See also: Lintel

EnglishEdit

 
Lintel labeled with 2 (sill is number 1)

EtymologyEdit

From Middle English lyntel, from Old French lintel, from Vulgar Latin *līntellus, for *līmitellus, diminutive noun from līmes.

PronunciationEdit

NounEdit

lintel (plural lintels)

  1. (architecture) A horizontal structural beam spanning an opening, such as between the uprights of a door or a window, and which supports the wall above.
    • 1915, W.S. Maugham, "Of Human Bondage":
      Athelny had told him that he lived in a house built by Inigo Jones; he had raved, as he raved over everything, over the balustrade of old oak; and when he came down to open the door for Philip he made him at once admire the elegant carving of the lintel.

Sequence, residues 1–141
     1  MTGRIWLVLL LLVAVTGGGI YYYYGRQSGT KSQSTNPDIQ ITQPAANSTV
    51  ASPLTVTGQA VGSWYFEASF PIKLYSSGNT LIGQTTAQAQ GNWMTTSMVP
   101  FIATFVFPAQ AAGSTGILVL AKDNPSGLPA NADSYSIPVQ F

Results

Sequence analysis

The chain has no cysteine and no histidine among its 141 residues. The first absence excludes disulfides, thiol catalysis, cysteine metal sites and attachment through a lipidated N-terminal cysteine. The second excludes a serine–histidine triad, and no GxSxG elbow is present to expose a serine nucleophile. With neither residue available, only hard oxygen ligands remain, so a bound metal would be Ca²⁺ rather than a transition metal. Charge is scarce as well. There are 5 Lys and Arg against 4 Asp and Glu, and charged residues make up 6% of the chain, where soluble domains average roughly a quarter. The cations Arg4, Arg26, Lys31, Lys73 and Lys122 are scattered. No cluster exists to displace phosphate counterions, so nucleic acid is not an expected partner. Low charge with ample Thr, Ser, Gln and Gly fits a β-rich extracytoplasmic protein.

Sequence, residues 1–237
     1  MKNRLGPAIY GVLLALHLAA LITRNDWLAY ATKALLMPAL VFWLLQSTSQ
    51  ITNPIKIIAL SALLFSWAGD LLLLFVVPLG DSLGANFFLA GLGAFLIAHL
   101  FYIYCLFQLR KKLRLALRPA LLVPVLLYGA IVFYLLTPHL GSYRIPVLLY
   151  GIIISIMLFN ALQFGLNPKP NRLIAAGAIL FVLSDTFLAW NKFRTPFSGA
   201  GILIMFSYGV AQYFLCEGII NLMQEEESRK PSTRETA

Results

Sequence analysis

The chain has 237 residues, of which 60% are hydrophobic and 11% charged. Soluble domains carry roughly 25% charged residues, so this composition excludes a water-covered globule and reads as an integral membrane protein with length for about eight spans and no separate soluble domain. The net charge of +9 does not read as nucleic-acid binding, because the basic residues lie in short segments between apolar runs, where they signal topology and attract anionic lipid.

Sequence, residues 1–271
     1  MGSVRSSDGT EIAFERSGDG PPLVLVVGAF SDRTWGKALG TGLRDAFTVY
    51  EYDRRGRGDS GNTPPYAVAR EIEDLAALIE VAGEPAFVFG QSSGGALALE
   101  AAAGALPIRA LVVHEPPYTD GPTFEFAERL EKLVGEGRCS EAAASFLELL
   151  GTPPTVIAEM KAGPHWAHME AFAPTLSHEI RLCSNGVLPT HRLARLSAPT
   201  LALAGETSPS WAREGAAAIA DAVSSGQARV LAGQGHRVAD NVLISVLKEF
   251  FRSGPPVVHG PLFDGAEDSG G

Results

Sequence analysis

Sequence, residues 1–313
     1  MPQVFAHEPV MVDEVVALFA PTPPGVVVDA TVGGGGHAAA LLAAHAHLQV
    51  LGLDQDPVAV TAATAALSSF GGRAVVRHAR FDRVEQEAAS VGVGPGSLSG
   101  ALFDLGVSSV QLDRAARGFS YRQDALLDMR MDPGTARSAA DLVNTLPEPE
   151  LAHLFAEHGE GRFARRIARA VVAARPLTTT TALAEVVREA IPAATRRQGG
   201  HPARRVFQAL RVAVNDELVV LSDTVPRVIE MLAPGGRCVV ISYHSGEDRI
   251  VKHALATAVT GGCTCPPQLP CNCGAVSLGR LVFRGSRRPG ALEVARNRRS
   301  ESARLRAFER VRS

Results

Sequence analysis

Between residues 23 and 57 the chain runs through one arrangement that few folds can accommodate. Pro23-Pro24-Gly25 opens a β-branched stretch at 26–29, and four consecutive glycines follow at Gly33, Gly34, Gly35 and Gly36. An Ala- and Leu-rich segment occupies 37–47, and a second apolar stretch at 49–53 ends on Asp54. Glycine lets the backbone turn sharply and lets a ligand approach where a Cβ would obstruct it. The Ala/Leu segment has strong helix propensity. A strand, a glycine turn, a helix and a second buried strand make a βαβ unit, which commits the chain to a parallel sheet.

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Old FrenchEdit

NounEdit

lintel m (oblique plural linteaus or linteax or lintiaus or lintiax or lintels, nominative singular linteaus or linteax or lintiaus or lintiax or lintels, nominative plural lintel)

  1. lintel (beam)

DescendantsEdit

  • English: lintel (borrowed into Middle English)
  • French: linteau
  • Portuguese: lintel

PortugueseEdit

PronunciationEdit

NounEdit

lintel m (plural lintéis)

  1. lintel

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